“So what to do in my crawlspace; encapsulate or ventilate?”

 

I’ve been fortunate enough to be a recurring guest on a local call-in radio show in Charlotte, and that might be the single most popular question when I’m on: Do I encapsulate or do I ventilate? 

We are one of the few companies that actually do both, so we get asked what our preference is quite often.

Traditional (open) crawlspaces:

A traditional crawlspace is what most of us have in our dirt-floor, vented crawlspace homes.  And they worked great up until the time we started sealing everything so tight and stuck massive HVAC air-handling units underneath.  Now we have created an environment where moisture, constantly present in our air, cannot evaporate from the space. This air becomes trapped because it cannot move vertically (upward) into the home to exchange and dry out, and the moisture becomes trapped under the structure.  The HVAC systems create condensation when humid air comes into contact with cool ducting surfaces. All of this, as a result, causes wood moisture content to rise and mold to form.

In Charlotte, there are no shortage of companies that are promoting encapsulating (or fully sealing) crawlspaces.  And why not?  It’s a good business and there are plenty of homeowners in need of this service because of the aforementioned crawlspace moisture issues.  But, as somebody I respect a lot in the business once said, “they (encapsulations) are just an option– not the only option.”

The difference:

The basic premise of sealing or encapsulating a space is that we tightly seal a liner to the foundation walls and piers, and tape the joints to prevent any leakage of air into the space.  Next, all gaps are sealed (including vent openings) as well as the seams in the liner itself.  This serves to create a “ziplock” atmosphere that moisture will have a much tougher time getting into (or out of, which I’ll touch on later).  Because humidity is always present in our air, we then install an industrial-grade (crawlspace-rated) dehumidifier to remove any moisture that does get by our liner, and voila, you are encapsulated.

Ventilating the space is very different.  Ventilation relies on the controlled import of fresh air when it is dry and available. There is an abundance of such air in Charlotte year-round (yes, even in July).  These systems do a great job of taking advantage of that. An engineered system of fans, operated by a controller, brings in this air to keep the space too dry for mold to ever form.  Because we are relying on exterior air to help us dry out, we don’t need to close off all vent openings, as some will be used by our system.  Also, because the ventilation system will bring in that dry air to replace the building moisture in our crawlspace, we don’t need the fancy, expensive encapsulation liner- the venting system will remove moisture that evaporates from the ground just fine.  These ventilation systems use less energy than a lightbulb, and most of the time do not require a dehumidifier as a supplement.  This nets a substantial savings in energy over the life of the system, when compared to an encapsulation with a dehumidifier in place.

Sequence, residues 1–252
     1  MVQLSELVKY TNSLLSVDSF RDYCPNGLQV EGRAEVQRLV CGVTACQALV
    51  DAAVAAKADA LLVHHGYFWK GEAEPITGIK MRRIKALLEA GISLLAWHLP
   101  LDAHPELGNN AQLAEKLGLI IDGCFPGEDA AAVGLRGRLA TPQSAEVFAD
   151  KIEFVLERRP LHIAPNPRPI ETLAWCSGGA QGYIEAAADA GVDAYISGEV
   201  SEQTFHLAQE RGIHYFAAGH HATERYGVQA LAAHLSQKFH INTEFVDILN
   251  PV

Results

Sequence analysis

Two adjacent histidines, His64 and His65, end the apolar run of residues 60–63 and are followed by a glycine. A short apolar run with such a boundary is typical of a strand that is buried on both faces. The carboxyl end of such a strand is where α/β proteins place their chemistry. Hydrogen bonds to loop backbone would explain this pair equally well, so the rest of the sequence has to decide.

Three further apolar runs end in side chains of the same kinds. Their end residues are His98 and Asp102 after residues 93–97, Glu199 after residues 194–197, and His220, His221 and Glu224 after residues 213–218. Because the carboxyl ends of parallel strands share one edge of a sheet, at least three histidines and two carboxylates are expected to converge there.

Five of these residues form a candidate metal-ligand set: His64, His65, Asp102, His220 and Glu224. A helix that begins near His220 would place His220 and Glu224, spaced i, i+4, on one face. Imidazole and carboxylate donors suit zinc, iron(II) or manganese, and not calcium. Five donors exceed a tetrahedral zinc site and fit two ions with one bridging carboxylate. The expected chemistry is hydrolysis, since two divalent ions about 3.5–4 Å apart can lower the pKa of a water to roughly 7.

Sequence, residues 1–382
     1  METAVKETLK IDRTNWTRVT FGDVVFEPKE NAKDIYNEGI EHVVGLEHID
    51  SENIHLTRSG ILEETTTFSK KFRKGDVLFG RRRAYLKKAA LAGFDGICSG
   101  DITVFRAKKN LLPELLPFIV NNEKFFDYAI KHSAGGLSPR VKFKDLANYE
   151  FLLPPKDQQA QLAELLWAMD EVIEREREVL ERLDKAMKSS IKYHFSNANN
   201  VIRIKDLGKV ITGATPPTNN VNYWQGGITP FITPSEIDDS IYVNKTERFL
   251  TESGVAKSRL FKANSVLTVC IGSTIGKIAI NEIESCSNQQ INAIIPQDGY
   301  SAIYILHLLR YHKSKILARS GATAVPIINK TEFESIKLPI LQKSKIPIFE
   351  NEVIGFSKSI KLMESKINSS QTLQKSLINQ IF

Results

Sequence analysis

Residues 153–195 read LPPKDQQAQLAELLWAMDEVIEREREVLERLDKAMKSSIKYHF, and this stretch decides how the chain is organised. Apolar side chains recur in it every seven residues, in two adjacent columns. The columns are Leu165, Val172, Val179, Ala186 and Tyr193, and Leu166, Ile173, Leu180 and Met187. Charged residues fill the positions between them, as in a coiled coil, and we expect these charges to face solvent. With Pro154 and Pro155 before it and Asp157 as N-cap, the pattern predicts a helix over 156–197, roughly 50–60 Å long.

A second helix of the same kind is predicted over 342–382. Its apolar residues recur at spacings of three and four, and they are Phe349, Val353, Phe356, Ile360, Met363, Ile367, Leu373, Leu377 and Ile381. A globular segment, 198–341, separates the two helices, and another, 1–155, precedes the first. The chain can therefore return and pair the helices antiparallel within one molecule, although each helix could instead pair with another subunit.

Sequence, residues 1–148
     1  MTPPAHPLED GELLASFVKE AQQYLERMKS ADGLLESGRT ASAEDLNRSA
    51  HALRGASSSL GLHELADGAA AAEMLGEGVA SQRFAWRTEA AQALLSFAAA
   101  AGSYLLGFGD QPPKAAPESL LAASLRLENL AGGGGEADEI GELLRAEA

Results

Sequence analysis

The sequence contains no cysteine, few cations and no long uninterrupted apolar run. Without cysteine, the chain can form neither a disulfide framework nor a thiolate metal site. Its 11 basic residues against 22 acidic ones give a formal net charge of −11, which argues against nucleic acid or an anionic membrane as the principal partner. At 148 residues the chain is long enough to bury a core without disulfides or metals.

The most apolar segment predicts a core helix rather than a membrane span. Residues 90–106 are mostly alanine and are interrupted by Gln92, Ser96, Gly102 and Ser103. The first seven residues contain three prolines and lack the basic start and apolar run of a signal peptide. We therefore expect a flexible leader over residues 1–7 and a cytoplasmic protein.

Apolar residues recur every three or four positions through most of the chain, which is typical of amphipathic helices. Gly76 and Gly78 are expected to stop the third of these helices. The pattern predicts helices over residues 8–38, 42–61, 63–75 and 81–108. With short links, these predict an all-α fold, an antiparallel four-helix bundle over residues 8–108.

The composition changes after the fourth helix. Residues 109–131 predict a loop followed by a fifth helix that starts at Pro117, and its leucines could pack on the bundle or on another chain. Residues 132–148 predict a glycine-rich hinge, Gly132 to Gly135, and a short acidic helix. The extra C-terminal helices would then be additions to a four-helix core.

(Just a few, but not all) pros and cons:

Encapsulation pros:

  • They look very clean and neat when done properly.  If spending Sundays under your house in a suit and coming out spotless matters to you, encapsulation may be your baby.
  • Industry studies report up to 18% in annual energy savings over a traditional, open-vented space.  This is because the outside air is more isolated from the crawlspace, which helps to maintain a constant temperature under the home.  This allows HVAC systems to run less, and be more efficient year-round.
  • They do add value.  Homebuyers want more than great schools and a nice yard- they want a house they are not going to have problems with.  Encapsulations (when maintained) remove most buyers’ concerns of dealing with major crawlspace problems so, in this way, they can add value to a home.

Encapsulation cons:

  • The liners can stink.  Some people are more sensitive to this than others, but there is an unpleasant smell associated with encapsulation liners from the initial point of install and…
  • … speaking of the smell, it gets worse- but don’t take my word for it. Google it.  Search “cat urine smell in encapsulated crawlspaces” and see what 400,000 other people think about this.  It’s a real thing.
  • They are expensive up-front…
  • … and they require a commercial-grade dehumidifier which is also quite expensive on top of the initial investment.  Couple this with the energy these units use and the relatively short life they have, and they look less like the economical, end-all-be-all solution that they were promised to be.  By the time a 900-watt dehumidifier in your crawlspace dies in 7-8 years, that unit may have cost you a year of in-state college or a 7-day Alaskan cruise for two.  And then, your reward for sticking with this energy hog for all this time is that it’s time to buy a new one.  Doesn’t seem fair.
  • Oh, yes…. drainage! We see this often. Most contractors do not install foundation or footing drains with their systems, as doing so would inflate the cost too much for most customers.  Intruding moisture could end up under your liner, creating a “waterbed” of the liner that can only be repaired by tearing up the encapsulation system and starting over after drains are put in.  If there are outside moisture issues, poor foundational drainage, exterior flood concerns, etc- this may not be for you.  Unless, that is, you want to spend the extra $2,500 (or more) on property interior footing drains on the front-end.
  • Speaking of drainage- if drains are not properly considered and there ever there is a leak in the space beneath the home, an encapsulation can serve as a “pool”, of sorts, holding that water.  If you’re not one to peek in your crawlspace often, this can go on for weeks and months until it is noticed. We have seen 8-10 inches of water collect on an encapsulation and the homeowner didn’t know it until the HVAC system was ruined by the ensuing flood.  In these cases, the space has to be pumped out.  It’s not an easy job.